How to Introduce + Keep Indoor Plants in Your Home

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It’s always fun to flip through a magazine or scroll through your favorite blog of a beautiful space to get some at-home decor inspo. It looks airy and bright, all put together with art and accessories. One thing that most of these spaces have in common is that they also incorporate indoor plants to brighten the mood. Now more than ever, people are spending more of their day at home with the time to appreciate the natural beauty in the form of house plants. And luckily, even if you don’t have a green thumb, there is a plant for any interior. Sonya Salierno of About Designs {a local floral, botanical, + interior design company} is weighing in on how to successfully introduce gorgeous green plants into your home to spruce {pun intended} it up — keep reading for her tips.

For the Black Thumb, Get Air Plants

Air plants are one of the most simple plants to care for. They require little light, infrequent waterings, and just as in the name, they grow without being planted. These plants can be placed on a platter along with a piece of driftwood on your dining table or hung on a wall next to your favorite framed photos. To care for them, simply run them under the water for a minute or two and let them air dry.

Where to Get Them + How to Hang Them

For the best selection of air plants at really affordable prices check out the Air Plant Shop {aptly named}. This online shop ships quickly, offers a money-back guarantee, and has affordable prices.

If you’re looking for a way to hang your plants, using several vessels at different heights will do the trick. Check out a few options here.

See More: How to Design a Cozy Home, According to a Local Interior Designer

For Homes with Low Light, Get a Philodendron

philodern plant indoor house plant

This common houseplant has been around for years, making appearances in a variety of interior spaces. It drapes beautifully against a wall making as a versatile companion. Plus, the philodendron is easy to maintain, enjoying shade and moisture.

Where to Get Them + How to Keep Them

These philodendron plants are relatively easy to find at a garden center such as the 14th Street Garden Center. In terms of successfully designing it in your home, philodendrons look lush in a wall hanging planter — try getting one from ceramic artist Farrah Sitt.

For Homes with Indirect Light, Get a Birds Nest Fern

birds nest fern indoor house plant

The bird’s nest fern is a full lush fern with colorful green leaves. This plant likes bright indirect light, so a northeast or east-facing window would be ideal for it to thrive. To care for the fern, water it twice per week and never allow it to dry out {so go ahead, give it all that #plantparent love}. Also, the soil should always be moist, so bear that in mind when you water this guy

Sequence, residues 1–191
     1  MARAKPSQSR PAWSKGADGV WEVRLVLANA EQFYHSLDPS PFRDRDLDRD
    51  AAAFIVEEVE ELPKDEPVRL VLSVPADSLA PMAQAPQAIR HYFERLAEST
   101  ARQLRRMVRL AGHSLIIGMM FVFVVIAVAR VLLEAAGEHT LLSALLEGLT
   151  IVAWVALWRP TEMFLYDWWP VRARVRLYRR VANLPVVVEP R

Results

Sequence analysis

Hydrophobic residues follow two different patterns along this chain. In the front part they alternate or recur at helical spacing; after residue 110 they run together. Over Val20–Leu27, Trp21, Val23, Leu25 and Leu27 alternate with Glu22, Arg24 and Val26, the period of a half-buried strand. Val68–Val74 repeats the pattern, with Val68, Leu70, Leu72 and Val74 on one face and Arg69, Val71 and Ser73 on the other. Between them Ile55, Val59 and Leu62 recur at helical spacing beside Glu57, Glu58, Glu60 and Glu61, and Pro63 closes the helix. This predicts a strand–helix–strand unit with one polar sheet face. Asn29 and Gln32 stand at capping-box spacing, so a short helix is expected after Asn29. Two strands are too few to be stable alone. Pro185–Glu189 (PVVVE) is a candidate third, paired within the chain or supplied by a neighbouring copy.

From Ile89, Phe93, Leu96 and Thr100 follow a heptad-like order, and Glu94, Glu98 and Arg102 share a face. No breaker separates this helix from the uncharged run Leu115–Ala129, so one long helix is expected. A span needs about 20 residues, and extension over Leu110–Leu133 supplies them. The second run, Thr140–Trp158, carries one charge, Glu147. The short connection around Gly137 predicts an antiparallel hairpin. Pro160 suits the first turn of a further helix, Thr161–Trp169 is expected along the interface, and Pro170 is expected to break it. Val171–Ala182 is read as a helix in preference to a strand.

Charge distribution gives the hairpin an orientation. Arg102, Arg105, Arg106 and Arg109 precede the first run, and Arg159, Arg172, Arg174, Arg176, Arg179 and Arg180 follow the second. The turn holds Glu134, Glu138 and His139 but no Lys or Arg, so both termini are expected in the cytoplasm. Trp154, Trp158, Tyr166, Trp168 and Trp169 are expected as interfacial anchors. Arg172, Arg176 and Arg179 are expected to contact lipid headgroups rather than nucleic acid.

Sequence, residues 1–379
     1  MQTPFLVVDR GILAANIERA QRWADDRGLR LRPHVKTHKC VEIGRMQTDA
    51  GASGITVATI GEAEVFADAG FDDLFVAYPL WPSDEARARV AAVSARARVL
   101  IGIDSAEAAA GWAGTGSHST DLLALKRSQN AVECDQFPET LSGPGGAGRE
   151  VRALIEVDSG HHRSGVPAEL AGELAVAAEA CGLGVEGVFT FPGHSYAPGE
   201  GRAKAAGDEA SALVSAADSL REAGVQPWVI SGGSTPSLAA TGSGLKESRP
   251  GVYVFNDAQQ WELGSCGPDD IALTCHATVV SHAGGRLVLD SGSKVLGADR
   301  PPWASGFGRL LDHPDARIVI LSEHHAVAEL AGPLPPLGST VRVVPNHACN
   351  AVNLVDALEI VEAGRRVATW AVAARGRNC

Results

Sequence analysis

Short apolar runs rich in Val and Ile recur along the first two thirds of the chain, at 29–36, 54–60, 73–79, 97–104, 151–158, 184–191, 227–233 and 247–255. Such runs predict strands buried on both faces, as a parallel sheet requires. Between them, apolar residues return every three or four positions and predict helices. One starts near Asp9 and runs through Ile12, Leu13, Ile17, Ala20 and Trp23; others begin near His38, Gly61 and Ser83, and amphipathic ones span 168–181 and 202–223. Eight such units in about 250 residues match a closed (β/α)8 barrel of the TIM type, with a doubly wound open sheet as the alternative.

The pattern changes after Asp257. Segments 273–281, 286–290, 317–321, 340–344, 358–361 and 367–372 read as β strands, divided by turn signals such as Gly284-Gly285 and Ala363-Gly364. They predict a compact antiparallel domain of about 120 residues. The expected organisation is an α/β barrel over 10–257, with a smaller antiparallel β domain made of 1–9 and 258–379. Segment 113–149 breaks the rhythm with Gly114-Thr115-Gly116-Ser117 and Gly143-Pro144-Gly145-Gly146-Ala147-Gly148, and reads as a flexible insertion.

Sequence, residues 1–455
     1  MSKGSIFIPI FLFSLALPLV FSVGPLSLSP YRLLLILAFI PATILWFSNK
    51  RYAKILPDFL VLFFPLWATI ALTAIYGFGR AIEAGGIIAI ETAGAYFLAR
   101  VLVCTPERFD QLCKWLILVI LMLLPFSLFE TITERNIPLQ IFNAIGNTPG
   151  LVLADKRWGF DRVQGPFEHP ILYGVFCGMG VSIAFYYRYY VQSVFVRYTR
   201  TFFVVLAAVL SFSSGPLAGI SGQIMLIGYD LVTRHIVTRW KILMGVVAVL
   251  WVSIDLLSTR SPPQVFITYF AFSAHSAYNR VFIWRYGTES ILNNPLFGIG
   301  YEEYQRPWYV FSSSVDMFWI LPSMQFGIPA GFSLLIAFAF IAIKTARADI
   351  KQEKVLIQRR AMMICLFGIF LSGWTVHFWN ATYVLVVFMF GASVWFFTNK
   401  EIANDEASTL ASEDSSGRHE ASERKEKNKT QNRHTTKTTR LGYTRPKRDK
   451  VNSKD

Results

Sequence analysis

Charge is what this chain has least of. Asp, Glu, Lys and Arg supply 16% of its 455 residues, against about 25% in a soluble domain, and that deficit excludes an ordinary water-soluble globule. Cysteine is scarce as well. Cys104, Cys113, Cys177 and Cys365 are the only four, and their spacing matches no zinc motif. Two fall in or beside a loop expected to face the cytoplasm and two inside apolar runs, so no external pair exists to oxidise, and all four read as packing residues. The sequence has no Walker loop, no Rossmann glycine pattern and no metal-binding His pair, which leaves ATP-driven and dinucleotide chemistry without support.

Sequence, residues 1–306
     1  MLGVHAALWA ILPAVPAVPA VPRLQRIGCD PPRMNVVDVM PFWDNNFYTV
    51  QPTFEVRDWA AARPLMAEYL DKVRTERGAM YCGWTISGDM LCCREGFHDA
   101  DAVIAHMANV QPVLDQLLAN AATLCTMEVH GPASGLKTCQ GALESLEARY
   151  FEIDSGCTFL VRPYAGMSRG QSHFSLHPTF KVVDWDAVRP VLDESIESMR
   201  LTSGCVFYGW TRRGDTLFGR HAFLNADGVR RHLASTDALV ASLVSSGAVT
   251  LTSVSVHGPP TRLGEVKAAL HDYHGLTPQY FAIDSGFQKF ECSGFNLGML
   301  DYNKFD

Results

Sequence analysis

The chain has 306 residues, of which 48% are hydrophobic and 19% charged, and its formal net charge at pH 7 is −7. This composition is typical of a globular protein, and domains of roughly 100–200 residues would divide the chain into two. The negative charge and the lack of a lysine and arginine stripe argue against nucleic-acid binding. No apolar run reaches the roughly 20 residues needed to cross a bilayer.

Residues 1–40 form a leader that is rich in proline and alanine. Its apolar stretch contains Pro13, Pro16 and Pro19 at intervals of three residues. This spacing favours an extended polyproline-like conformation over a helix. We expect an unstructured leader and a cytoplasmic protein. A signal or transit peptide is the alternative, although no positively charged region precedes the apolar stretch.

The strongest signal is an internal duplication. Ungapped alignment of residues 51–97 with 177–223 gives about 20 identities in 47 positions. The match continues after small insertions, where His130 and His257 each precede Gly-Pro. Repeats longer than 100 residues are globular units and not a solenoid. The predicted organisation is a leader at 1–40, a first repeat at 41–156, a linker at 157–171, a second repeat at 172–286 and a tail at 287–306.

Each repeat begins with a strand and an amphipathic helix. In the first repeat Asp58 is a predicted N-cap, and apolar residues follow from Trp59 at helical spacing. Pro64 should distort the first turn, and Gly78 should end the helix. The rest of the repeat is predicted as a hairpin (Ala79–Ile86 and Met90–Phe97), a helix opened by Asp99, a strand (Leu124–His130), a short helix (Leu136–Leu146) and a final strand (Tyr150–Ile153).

Where to Get Them + How to Keep Them

In terms of decorating, a well-designed planter like this one to house your bird’s nest fern plant while adding height. Also, these fluted planters from West Elm would make for an attractive tabletop vessel for your plant-child to call home.

You can order ar Bird’s Nest Fern online here.

See More: Inside Antoinette + Michael’s Eclectic Apartment in Midtown Hoboken

For the Frequent Traveler, Get a Pencil Cactus

Although a cactus by name, this plant is actually part of the succulent family. The pencil cactus has an untamed, almost wild appearance that can nicely fill an empty corner. The pencil cactus also loves a warm, sunny spot {don’t we all} and requires very little watering — only once every two weeks in the warmer months. Cut back the watering to once per month in the cold winter months. Also note, the soil should have some grit in the mixture, which can be achieved by adding sand or pebbles to the mix.

pencil cactus indoor house plant

Where to Get Them + How to Keep Them

Large pencil cactus plants, like the one shown, are only available from a trade resource, but a petite version of the cactus can be found here. For decorating, a desert modern inspired planter, like this one here, to house the pencil cactus is a great option.

For the Green Thumb, Get an Olive Tree

olive tree indoor house plant

Graceful and elegant, olive trees are pretty to look at and can remind you of your last trip to a vineyard. They can be a little more difficult to care for than some of the other plants mentioned above. It is recommended to place olive trees in a sunny spot with a preferably south-facing window. Water them generously every week allowing the soil to dry out in between. If possible, moving your plant to a porch or balcony in the warmer months would be ideal to help it grow.

Where to Get Them + How to Keep Them

It is possible to purchase olive trees online here, so you can get one sooner rather than later.

As for placing it in your home,  use a traditional terracotta pot, originally used to store olive oil, like the one here. Alternatively, a classic basket will look lovely, just remember to use a liner. You can find one here.

There you have it — a quick how-to guide to getting and keeping alive an indoor house plant.  And, if you’re looking for a few local places to get some plants delivered from {just be sure to call ahead + make sure they’re still delivering at the time you want to order}:

So go on, give yourself #plantparent status.

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